Rainmaker and Goodbye to Manuel Antonio!

Trip Start Dec 29, 2012
Trip End Aug 15, 2013

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Where I stayed
Titi Villa

Flag of Costa Rica  , Province of Puntarenas,
Thursday, January 10, 2013

We hired our amazing guide Dago to take us to Rainmaker - a private nature reserve about 45 minutes outside Quepos.  We asked him to bring his sister along and some of her yummy burritos!  So at 6am on Monday morning, Dago and his sister picked us up at Villa Titi and took us to Rainmaker.  We passed many palm plantations along the way and workers collecting the fruit for making palm oil.  They were using carts and oxen - no tractors in sight!  
The trip started with Dago handing me a small yellow fruit that had fallen on the ground.  "Good fruit" he says, "tastes like cheese."  I'm thinking, I really like cheese and pop it into my mouth.  The first bite was pretty good, but then it had a horrid aftertaste.  My Nanzi fruit ended up on the ground of the parking lot.

So we are handed walking sticks after paying the entrance fee and begin our hike.  Caleb really wanted to find frogs this time and Dago knows this, so he is constantly stopping and searching around the plants, under leaves and dead fall.  We stopped for a bit and Dago told us all about leaf cutter ants showing us a humongous ant hill.  The queens are apparently almost three inches long!  After this we hike up stairs - I think Aiden counted 140 altogether.  We crossed a few suspension bridges that were wobbly and make of metal grating.   The views were beautiful!  Waterfalls and streams flowed below us and the canopy of the trees were at eye level.  We spotted a few birds - one with red eyes, but I can't remember the name of it - and some hummingbirds.  We saw a few anoles of different colours and then came out to a pool in a river with a short waterfall.  Jim and Caleb immediately threw off their shirts and jumped into the cool water.   However, this was not the warm beach water that I had been used to and declined a swim until further on.  After watching the boys swim for a while, we carried on with our hike. Dago led us across a bridge to the "natural shower" and here we all proceeded to get wet!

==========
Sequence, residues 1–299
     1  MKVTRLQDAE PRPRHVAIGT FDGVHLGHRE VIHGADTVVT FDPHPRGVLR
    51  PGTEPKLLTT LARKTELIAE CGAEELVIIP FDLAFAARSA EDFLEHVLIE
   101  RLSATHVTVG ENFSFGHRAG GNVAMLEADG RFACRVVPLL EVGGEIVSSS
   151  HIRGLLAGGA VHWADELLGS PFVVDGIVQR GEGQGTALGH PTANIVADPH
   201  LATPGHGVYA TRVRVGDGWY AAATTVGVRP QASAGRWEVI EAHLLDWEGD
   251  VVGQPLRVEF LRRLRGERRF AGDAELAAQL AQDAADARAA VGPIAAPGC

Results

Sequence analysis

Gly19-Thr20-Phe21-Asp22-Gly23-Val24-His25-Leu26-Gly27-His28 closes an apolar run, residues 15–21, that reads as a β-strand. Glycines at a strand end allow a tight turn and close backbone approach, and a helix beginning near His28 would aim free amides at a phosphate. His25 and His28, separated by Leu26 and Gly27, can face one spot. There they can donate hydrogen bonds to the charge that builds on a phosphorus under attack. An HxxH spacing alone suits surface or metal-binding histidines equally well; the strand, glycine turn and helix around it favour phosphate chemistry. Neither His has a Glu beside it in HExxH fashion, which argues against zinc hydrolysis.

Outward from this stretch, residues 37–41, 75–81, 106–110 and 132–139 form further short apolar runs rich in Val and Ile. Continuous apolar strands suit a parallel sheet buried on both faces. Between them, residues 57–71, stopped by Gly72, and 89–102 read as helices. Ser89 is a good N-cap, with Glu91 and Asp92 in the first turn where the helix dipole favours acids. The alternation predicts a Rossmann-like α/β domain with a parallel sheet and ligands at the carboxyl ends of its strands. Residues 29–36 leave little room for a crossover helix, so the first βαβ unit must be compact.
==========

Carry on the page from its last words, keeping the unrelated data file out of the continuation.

Down below the falls we ate burritos and Caleb found numerous "zebra legged" frogs.  I can't find any info on these frogs, but they were really tiny with striped legs.  After coffee we continued on with the hike.  We met up with a park maintenance worker who pointed out a baby eyelash viper snake.  Through translations with Dago we learned that the worker was recently bitten by a viper, needing hospitalization and so he was putting a label close to the snake to show the danger.  I have no idea how the snake stays near the sign.  It must be akin to the deer crossing signs in Banff where the deer just naturally know where to cross!   Dago continued to search for frogs for Caleb.  We must have looked for close to an hour in this last ditch effort before we left the park.  I found a toad - apparently it releases a white poisonous substance - and I found some interesting plants here.  The maintenance worker joined in the search and eventually brought over some frogs he called "rain frogs".  He also found a cool looking anole with a yellow throat that he pulled at in our benefit.  I felt sorry for the little creature!  So Caleb did end up finding a few frogs in the wild.